admin answers:

Mom, i could understand if the problem was the other children,

but he is the one having the social problems

in order for him to behave properly you need to
1. Stop the therapy
2. Surround him by children who behave well, and are tolerant

children learn by example,FACT

When he is at home, Have him Watch Sprout TV its for toddlers BUT its going to benefit him

Reason being he needs to be reprogrammed
and for children who have social problems, TV is the easiest way to show them proper examples, it relaxes them and helps child learn how to properly respond to situations.

Now as far as the spitting goes, boys can do things like this,
its frustration and fear

he isn’t able to communicate, so he reacts
fear is the part when he realizes that the other child CAN communicate

I will be honest with you, you’ll get many bits of advice but MINE will work for you and your child.

My son had ADHD he seems to be growing out of it.
But in any event he was not human until he turned 4 years old

I don’t believe in the medications because the Chemically alter your CHilds Brain.

( not totally against it either in certain situations)

I am sure you have heard that Autism is now the NEW ADHD
and it is,

Beware that you don’t label your child, make him feel as normal as possible

And like i said As far as taking him out of the school , this make Zero sense it will only delay him further in devoping social skills

***

I know its hard to be embarrassed by your childs behavior and most folk blame the parent

But i am telling you, try it my way and you will see improvement , and don’t be surprised if he complains he is watching baby shows.

You and him and the new babyb sit there and watch the shows

Repeat when your supposed to to show him how to respond properly

jump when they ssay jump ect..

Your showing him how to conform.follow rules, ect..

Read him stories and teach him to color INSIDE the lines

and very important, no violent shows or games.

He should hep you make dinner and have jobs around the house, like take out the garbage and load up the dishwasher

you might be thinking he is too young for this BUT he isn’t
you will find this will at first be protested but eventually he will do it without complaint ( much complaints)

and praise when he attempts to follow through
praise when he is successful
and most important discouragment if he refuses(this is an import factor many parents leave out these days)

its not ok for them to do as they please, and you need to SHOW him you are disappointed, not hitting, or psyco behavior but a good old fashioned yell at violent behaior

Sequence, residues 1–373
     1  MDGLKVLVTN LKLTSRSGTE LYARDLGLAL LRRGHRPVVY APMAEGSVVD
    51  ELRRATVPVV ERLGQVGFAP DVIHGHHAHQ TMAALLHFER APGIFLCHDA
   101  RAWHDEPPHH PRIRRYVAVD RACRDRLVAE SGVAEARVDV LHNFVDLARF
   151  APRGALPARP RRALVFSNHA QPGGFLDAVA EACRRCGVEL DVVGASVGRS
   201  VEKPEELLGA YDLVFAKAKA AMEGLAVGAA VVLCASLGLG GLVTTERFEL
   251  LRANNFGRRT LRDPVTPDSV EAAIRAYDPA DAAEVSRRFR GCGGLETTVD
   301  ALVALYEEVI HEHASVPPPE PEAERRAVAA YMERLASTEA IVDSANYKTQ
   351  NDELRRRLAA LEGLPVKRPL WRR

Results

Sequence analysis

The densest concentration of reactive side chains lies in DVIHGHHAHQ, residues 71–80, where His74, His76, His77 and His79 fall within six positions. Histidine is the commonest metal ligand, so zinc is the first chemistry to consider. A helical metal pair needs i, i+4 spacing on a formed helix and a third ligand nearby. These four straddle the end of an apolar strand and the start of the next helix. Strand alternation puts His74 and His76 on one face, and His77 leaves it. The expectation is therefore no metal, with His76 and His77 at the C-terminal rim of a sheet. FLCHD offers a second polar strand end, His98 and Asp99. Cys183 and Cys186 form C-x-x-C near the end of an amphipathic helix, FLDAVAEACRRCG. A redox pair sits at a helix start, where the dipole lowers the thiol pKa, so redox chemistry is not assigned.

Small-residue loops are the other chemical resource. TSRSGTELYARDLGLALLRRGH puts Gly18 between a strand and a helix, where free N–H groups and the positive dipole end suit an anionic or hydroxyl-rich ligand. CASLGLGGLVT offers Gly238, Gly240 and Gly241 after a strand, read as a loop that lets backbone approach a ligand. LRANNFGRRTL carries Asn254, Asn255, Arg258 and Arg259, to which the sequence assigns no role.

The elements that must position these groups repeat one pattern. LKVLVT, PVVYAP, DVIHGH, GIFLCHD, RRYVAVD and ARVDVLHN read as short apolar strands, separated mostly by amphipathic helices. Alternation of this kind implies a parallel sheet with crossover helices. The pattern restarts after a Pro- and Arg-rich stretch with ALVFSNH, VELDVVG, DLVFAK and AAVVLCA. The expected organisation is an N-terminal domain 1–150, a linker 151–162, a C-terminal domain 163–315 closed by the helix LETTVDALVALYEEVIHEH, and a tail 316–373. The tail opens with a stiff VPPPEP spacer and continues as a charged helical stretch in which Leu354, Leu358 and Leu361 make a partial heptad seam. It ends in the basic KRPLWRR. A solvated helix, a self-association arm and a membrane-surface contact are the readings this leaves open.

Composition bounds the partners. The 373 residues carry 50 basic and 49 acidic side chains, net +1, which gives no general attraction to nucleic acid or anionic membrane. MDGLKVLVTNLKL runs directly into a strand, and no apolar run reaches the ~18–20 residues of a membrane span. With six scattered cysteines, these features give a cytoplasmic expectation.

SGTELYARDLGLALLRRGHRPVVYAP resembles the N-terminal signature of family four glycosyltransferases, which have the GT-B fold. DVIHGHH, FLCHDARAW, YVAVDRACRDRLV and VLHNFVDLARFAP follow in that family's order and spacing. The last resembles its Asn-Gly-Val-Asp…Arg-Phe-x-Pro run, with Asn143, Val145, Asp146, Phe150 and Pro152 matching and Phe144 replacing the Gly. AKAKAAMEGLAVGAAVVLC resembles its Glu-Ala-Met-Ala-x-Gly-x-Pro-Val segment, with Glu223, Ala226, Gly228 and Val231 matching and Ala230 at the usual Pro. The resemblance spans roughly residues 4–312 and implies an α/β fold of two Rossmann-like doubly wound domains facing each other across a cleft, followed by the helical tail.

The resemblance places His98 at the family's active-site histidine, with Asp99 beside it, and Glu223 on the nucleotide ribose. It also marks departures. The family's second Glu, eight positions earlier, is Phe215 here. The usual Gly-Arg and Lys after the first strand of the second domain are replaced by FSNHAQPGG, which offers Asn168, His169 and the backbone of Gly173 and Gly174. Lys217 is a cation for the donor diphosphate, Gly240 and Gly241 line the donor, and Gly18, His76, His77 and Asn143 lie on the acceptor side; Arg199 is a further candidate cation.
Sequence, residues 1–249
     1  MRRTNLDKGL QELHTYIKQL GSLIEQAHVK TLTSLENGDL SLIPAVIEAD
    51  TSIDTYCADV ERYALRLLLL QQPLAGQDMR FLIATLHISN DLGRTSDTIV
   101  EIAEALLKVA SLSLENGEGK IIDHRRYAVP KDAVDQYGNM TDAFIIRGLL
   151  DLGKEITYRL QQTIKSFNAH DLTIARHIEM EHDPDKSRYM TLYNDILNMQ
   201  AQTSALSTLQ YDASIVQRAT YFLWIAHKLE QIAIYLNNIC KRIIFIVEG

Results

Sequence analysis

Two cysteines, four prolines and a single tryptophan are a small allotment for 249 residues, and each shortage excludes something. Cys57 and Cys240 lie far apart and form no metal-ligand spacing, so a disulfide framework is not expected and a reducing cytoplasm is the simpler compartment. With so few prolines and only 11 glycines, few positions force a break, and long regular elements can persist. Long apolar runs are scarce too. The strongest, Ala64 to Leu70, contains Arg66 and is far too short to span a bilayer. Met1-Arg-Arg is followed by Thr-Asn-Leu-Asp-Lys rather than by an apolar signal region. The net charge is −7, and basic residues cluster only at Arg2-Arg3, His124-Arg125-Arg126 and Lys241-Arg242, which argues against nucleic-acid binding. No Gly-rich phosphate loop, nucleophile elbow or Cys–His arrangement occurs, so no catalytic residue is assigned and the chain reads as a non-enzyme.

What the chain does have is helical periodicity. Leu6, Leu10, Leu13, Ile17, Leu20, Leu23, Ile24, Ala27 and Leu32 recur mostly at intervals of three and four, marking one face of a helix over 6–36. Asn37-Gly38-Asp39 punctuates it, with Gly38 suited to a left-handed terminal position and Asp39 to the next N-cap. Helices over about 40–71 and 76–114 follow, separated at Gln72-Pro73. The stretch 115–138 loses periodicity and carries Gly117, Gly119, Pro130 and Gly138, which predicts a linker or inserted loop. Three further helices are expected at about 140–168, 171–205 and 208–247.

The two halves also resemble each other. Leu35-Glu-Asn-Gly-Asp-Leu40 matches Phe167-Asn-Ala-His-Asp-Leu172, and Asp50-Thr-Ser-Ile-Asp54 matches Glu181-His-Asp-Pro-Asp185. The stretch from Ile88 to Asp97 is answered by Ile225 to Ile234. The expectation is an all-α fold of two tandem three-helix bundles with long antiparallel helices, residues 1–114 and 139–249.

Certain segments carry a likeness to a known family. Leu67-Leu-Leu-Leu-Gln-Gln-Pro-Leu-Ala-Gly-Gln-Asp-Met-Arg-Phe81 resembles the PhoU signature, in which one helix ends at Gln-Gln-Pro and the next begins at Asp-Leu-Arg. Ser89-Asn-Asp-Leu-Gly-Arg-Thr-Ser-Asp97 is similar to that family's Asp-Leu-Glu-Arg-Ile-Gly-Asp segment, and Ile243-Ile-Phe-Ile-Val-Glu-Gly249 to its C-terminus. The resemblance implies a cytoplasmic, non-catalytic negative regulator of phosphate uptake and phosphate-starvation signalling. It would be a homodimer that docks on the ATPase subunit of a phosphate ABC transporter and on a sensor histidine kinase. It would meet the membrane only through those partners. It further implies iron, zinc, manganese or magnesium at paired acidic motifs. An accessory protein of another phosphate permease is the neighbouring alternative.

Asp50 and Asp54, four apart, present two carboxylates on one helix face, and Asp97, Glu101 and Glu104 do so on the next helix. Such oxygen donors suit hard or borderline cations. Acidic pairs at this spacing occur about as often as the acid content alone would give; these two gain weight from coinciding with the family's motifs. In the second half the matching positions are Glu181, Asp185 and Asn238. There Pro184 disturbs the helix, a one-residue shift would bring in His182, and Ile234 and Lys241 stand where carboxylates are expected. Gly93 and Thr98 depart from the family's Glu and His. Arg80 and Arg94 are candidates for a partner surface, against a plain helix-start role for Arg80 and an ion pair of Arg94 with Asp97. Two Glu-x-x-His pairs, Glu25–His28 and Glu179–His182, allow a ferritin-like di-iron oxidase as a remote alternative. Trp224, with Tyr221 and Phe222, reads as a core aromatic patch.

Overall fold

if he is used to you yelling then 360 and quitely admonish and send him to his room

– One more thing a punish ment should never punish the parent. So if he doesn’t mind then make him clean the house
or something else you need done, and if he helps you by doing more than his regualr chores reward him with money
give him the money in his hand and let him spend it, you can advise him to save it or use it wisely but at first he should spend it,

hope this helps
and hope you understand that your CHILD does understand and can do what you ask

Meg

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Question?: Autism Signs In Toddler Girls

Lizzie asks…

do typically developing toddlers flap their hands?

Hi,
I’m the neighborhood not the parents.

I know of a set of Boy/girl twins who are typically developing toddlers, they’ll be 2 this summer.
When the children get excited about something I see them flapping their hands for a few mintunes.
Is this normal of 2 year old toddlers or is this a cause for corcern for autism?
If this is a sign of autism what are the signs of autism in a toddler?

admin answers:

Hi. My 6 year old stepson is autistic. He did flap his hands. Other signs he showed that we thought were cute but learned later were signs were spinning toys, opening and shutting cabinet doors for hours, speaking very few words calling everything dee dee, doing the same thing over and over, playing alone. When he did finally say a few more words, he could not answer questions. If you asked “whats your name?” he answered “whats your name?” and this could go on for hours no matter what the question was.

However, he did these things all day every day. He didnt really get excited about things… So it may just be some quirky thing they do. I have heard that twins do odd things like that during toddler and early childhood years.